Returning to Beginners Mind

December 19, 2015

Floating is a practice. As with any learned experience, it is tempting to take on an attitude of knowing what to expect as we return.

But, floats are always shifting—and they are primarily an art of letting go. On days we arrive to float with this expectation of knowing what to expect, we may actually feel held back from our deepest experiences and levels of relaxation.
Floating is described as “effortless”, but with our mental powers this description comes with a bit of irony. The greatest hindrance to relaxing is often our own minds. The environment of the Float Pod can effortlessly relax us—more so to the degree that we can stay out of our own way.
Though we “learn” to float with each session and experience greater benefits, our mind can still get in the way, from time to time.
Here are a few suggestions to to approach your 100th float with the same beginning mindset as the 1st.

3 Ideas to Enter a Float With Beginners Mind:

1. Return to Original Technique.

Breathe. For the first float we recommend counting breaths (as many as 300) to help you relax while bringing the mind to the present moment . If you’re anything like me, you may be tempted to ditch your “beginner” technique a few floats in.
After several sessions that felt distracted and less than relaxed, I returned to counting breaths; my sessions returned, again, to taking on a deeper note.
As you breathe, you might imagine softening your body as much as possible, consciously relaxing more and more from head to toe. Combined with counting breaths, you’re apt to find yourself more relaxed and experiencing a greater sense of openness.
When we have expectation as to how we expect a float to go, we are inherently attached to an outcome—restricted, anticipating—yet floating’s greatest transformations may occur in the space and softness of letting go that we allow ourselves to experience.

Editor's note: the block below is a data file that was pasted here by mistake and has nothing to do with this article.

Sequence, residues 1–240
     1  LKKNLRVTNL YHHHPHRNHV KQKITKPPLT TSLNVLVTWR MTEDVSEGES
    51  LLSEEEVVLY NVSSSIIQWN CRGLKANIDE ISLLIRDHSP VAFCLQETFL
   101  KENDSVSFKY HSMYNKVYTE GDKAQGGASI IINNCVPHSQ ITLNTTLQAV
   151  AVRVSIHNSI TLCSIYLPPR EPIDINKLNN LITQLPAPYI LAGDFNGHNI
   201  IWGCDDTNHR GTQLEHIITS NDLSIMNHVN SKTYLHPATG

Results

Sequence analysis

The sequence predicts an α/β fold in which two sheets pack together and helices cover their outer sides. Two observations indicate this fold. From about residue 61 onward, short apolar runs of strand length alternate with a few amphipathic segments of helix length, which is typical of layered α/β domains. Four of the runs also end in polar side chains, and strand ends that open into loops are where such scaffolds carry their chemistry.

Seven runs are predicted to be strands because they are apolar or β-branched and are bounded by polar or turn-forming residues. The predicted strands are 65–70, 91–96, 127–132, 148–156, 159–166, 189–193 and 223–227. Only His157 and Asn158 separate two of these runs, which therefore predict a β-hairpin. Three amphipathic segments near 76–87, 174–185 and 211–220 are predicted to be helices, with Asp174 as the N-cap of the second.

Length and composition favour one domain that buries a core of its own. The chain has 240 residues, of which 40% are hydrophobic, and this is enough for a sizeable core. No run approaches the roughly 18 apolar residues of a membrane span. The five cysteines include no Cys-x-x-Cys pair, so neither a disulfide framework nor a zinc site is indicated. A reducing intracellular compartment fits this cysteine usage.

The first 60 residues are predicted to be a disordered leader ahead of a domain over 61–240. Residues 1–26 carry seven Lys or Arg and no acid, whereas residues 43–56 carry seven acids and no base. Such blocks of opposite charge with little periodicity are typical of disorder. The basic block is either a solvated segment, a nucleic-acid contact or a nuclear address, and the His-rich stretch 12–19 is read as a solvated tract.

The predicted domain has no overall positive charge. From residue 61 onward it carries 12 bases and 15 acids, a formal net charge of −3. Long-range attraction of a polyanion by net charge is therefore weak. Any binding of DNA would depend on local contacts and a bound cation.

2. Embrace the Adventure of Not Knowing.

Before beginning your float, consider spending a few minutes deciding to “just see what happens”—this time. When we believe we know what to expect, or how to do something—we have limited our ability to experience the full richness of what this float has to offer.
Floating is both a verb—and a transformative therapy. Both our experiences of the floats, and the person experiencing them (us) are shifting—see what today’s unique float has to offer. Maybe today “getting what we need” means deep relaxation—or falling asleep. Maybe today is humbling; a reminder that—whether the first float or the 100th—our mind still has thoughts…lots of them.
Trust that your body and mind will get what they need, without your conscious effort.

3. Refrain From Beating Yourself Up.

Nothing keeps a float from being as awesome as it could be more than ridiculing yourself for having thoughts—which only furthers a struggle to let go and relax. Remember that floating is not staying present—it’s the practice of returning to the present.
Put differently—the thoughts won’t go away, but we can approach them differently: rather than latching on and resenting them, with practice in the Float Pod we can develop a skill of letting them “flow” by. As a coworker once told me: you need to let go of letting go. Step back, and let floating just happen.
But, when you do get distracted, focus on gently returning—rather than ridiculing.

What are your tips for embracing beginners mind? Please share in the comments!

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